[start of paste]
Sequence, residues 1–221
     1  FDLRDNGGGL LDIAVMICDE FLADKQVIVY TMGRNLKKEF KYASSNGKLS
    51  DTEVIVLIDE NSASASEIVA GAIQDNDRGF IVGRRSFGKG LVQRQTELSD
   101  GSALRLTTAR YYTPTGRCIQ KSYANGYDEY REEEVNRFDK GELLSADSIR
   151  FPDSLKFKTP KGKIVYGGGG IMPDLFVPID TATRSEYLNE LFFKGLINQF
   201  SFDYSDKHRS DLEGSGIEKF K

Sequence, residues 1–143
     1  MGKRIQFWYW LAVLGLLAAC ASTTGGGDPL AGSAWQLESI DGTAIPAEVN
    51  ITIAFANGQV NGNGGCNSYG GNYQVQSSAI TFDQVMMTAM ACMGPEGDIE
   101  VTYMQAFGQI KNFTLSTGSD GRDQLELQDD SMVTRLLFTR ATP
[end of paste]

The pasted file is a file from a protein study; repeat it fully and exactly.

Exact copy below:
Sequence, residues 1–221
     1  FDLRDNGGGL LDIAVMICDE FLADKQVIVY TMGRNLKKEF KYASSNGKLS
    51  DTEVIVLIDE NSASASEIVA GAIQDNDRGF IVGRRSFGKG LVQRQTELSD
   101  GSALRLTTAR YYTPTGRCIQ KSYANGYDEY REEEVNRFDK GELLSADSIR
   151  FPDSLKFKTP KGKIVYGGGG IMPDLFVPID TATRSEYLNE LFFKGLINQF
   201  SFDYSDKHRS DLEGSGIEKF K

Sequence, residues 1–143
     1  MGKRIQFWYW LAVLGLLAAC ASTTGGGDPL AGSAWQLESI DGTAIPAEVN
    51  ITIAFANGQV NGNGGCNSYG GNYQVQSSAI TFDQVMMTAM ACMGPEGDIE
   101  VTYMQAFGQI KNFTLSTGSD GRDQLELQDD SMVTRLLFTR ATP